‘Judy’ Reveals the Pain Behind Garland’s Glitzy Persona

The biopic is a tearful lamentation of the cultural icon who won so many hearts but lost herself in the process.

Megan Chew, Contributing Writer

Most people know Hollywood legend Judy Garland as sweet, naive Dorothy Gale from “The Wizard of Oz.” 

“Judy,” which premiered on Sept. 26, takes this image and flips it on its head, revealing the true tragedy of Garland’s life. Based on the play “End of the Rainbow” by Peter Quilter, this biopic takes us through the last chapter of Garland’s life, as she struggles with alcoholism and drug abuse while grappling with family and financial issues. 

The film has its missteps, but is no doubt an emotional roller coaster that leaves the viewer in tears by the time the screen cuts to black.

“Judy” develops through juxtaposition we see Garland first breaking onto the scene and we see her struggling with her career’s demise. 

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The result is a powerful examination of the consequences of a star’s life being dictated by Hollywood. For instance, the opening scene takes place on the set of “The Wizard of Oz,” where we see a young, bright-eyed Garland (Darci Shaw) get her big break. Cut to the next scene, which depicts 46-year-old Garland (Renée Zellweger), well past her prime, and — let’s be frank — a hot mess. 

The film did have some blind spots. Some characters are quite two-dimensional, such as fiance Michael Deans (Finn Wittrock) and assistant Rosalyn Wilder (Jessie Buckley). Garland’s struggle with drugs and alcohol remains stagnant for the bulk of the movie, which can grow tiresome but is also true to life. 

The film still takes twists and turns that keep you on the edge of the seat, all due to Zellweger’s portrayal of Garland. Her unpredictable mannerisms leave you unsure of how she will react to anything thrown her way — she can go from charismatic and happy in one scene, to hammered and cantankerous in the next. 

Garland is not pigeonholed as just another drug-abusing, suicidal movie star. The film strips away most of her stage appearance and portrays her simply as a struggling mother desperately trying to reunite with her children. Her motivations are pure, which makes you root for her despite her transgressions.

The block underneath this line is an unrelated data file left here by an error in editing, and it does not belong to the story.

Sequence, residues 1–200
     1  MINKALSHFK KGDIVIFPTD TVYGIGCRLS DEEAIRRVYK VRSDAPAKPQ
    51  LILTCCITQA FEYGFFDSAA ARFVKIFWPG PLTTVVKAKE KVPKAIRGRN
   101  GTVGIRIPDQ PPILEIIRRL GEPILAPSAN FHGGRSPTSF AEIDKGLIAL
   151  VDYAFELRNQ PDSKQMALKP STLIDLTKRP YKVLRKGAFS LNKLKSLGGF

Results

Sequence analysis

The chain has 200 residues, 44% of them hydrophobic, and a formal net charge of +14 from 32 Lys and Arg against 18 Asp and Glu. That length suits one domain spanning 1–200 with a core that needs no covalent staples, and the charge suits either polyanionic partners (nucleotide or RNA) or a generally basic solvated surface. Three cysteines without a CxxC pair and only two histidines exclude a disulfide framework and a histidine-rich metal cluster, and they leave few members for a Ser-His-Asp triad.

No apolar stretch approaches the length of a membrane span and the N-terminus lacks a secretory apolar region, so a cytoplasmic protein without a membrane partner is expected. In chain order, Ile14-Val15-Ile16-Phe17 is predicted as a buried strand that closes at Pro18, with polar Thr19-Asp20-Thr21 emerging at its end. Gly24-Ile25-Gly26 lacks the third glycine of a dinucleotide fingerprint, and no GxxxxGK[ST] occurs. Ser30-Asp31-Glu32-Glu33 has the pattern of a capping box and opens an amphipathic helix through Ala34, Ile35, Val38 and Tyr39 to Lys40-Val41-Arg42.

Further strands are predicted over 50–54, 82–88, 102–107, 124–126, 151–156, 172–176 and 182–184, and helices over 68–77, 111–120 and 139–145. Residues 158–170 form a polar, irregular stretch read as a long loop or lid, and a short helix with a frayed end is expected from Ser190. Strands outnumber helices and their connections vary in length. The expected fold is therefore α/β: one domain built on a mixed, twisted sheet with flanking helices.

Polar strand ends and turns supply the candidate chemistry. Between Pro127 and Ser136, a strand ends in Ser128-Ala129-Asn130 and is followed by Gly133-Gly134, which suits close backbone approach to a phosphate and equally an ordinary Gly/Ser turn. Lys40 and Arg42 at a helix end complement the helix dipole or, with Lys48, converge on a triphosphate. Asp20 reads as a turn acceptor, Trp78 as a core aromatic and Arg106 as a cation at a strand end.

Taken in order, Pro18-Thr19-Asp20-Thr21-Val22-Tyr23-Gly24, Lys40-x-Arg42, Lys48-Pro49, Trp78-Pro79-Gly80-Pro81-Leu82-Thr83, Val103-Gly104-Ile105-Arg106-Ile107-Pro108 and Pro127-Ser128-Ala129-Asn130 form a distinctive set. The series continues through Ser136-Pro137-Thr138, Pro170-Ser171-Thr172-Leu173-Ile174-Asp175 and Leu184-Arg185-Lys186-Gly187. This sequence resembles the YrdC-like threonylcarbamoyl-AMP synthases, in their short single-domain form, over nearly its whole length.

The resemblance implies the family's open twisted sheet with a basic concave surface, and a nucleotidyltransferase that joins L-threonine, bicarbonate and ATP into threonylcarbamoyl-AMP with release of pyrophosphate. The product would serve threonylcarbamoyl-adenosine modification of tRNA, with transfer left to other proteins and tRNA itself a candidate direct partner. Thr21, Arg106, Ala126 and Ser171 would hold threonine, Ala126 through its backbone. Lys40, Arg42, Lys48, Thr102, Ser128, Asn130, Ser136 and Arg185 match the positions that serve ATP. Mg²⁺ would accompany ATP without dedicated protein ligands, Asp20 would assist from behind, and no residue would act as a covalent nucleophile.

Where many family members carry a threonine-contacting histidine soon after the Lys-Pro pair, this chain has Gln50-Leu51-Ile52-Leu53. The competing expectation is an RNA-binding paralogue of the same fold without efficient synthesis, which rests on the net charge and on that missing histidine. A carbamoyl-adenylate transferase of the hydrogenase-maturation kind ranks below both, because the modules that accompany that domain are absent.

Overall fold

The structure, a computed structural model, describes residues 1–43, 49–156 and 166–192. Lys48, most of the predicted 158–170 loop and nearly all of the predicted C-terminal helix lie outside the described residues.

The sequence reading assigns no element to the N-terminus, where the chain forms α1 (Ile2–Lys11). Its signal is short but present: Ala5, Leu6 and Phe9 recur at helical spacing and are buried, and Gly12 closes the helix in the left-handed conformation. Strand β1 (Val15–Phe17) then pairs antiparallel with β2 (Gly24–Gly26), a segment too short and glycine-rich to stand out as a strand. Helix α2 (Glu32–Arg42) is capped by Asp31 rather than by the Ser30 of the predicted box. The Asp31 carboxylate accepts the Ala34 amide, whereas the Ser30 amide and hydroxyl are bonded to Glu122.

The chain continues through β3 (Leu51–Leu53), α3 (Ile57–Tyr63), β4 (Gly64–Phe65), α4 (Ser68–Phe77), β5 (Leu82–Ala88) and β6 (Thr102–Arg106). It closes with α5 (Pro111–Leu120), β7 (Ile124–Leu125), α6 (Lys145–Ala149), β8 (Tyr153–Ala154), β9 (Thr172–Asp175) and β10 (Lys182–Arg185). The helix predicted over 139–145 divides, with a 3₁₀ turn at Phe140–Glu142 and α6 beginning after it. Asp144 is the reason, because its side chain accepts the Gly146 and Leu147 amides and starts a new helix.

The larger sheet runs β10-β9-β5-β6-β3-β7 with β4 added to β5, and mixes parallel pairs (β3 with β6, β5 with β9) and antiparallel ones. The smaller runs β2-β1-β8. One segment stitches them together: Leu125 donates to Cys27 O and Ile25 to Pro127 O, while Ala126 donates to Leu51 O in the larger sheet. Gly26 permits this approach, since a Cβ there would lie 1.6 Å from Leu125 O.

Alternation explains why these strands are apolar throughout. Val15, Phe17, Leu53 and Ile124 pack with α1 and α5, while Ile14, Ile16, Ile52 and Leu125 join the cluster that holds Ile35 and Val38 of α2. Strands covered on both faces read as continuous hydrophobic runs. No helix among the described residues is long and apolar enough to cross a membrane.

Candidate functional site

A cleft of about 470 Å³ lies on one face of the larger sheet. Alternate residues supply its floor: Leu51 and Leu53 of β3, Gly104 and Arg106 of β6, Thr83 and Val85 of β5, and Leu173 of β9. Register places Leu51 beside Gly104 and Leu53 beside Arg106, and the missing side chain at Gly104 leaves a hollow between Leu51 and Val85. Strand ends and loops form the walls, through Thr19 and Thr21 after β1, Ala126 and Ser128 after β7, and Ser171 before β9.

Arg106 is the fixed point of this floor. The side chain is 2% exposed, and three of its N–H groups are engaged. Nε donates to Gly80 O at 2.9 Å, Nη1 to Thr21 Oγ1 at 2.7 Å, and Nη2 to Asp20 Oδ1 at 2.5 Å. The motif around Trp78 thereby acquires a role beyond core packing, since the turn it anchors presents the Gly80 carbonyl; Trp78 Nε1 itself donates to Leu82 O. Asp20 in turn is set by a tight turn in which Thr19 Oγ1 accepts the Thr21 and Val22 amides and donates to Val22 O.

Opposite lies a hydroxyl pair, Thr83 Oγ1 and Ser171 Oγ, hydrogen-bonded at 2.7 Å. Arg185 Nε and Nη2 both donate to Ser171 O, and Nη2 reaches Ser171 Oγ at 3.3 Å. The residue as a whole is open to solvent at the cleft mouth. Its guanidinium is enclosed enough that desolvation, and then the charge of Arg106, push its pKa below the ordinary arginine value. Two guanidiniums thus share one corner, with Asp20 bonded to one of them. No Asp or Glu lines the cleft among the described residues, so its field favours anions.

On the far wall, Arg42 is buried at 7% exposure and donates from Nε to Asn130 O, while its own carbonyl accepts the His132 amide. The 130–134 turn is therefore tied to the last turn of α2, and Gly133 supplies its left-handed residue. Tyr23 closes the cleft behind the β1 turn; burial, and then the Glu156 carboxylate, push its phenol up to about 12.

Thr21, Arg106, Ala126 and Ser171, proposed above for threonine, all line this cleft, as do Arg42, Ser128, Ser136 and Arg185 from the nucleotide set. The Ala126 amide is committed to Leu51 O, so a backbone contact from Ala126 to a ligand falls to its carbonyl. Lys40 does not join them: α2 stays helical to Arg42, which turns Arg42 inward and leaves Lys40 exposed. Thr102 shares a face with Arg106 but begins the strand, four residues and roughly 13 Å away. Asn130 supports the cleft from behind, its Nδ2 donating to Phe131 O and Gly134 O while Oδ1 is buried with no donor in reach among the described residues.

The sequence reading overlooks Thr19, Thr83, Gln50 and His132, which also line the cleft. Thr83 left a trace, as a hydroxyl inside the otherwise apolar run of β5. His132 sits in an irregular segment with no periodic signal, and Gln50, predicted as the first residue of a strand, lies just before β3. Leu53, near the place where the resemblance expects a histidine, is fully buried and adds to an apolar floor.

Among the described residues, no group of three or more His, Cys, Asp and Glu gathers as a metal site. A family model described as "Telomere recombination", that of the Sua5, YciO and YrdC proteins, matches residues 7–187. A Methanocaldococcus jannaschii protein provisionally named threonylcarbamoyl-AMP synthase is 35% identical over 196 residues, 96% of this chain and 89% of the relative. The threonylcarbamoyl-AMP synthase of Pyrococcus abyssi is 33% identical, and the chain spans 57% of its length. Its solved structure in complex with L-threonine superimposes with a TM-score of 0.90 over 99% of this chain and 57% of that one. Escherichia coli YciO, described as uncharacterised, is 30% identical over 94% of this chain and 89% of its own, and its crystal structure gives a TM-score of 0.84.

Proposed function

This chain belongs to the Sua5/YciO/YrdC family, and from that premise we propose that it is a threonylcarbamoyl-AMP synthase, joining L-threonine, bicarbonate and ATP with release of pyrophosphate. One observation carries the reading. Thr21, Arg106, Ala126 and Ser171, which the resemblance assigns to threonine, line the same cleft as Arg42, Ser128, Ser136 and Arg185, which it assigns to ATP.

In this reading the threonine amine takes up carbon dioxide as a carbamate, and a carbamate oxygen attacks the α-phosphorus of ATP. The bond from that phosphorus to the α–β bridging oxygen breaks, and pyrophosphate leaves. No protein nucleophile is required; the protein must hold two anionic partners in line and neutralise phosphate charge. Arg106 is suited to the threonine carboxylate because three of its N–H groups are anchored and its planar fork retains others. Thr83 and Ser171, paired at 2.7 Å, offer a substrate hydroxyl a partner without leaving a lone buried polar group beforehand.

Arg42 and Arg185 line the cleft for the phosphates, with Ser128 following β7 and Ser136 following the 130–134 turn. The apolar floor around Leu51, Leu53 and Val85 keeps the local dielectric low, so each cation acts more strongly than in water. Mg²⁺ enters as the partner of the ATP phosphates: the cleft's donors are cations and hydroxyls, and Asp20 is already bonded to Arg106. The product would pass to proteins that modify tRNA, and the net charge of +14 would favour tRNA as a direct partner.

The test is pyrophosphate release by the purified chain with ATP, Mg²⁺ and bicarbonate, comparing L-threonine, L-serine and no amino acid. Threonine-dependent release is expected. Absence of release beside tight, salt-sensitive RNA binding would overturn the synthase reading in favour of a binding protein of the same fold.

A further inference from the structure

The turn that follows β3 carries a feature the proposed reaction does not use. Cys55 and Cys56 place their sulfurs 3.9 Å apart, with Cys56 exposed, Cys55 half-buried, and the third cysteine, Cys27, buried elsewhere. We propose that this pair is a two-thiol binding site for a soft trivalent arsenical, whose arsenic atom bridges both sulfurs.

“I just want what everybody else wants. I just seem to have a harder time getting it,” she says at one point in the movie, and I hear shuddering gasps in the audience — one of them mine. It is lines like this one that tug at your heartstrings.

Of course, the film would be incomplete without a soundtrack of Garland’s most famous tracks. The film was particularly clever at combining the upbeat “By Myself” and “Get Happy” with Zellweger’s more deadpan style acting to show Garland’s rocky personal life seep into her stage life. 

The iconic song “Over the Rainbow” closed the show in a poignant flourish. As she sings the famous chorus, we are pushed to reevaluate what it means to her in the context of the tumultuous life we’ve just had a glimpse of — we come to see it as a song that was both her ticket to fame and her undoing. 

A legend — that’s what Judy Garland will always be. But she was also an addict, a mother and a woman doing her best. “Judy” is a moving eulogy, a soulful tribute to a girl who sold her life and soul to be a timeless inspiration to us all.

“Judy” was released in the United States on Sept. 27. It is currently playing at Angelika Film Center, Cinépolis Chelsea and theaters nationwide.

Email Megan Chew at [email protected]

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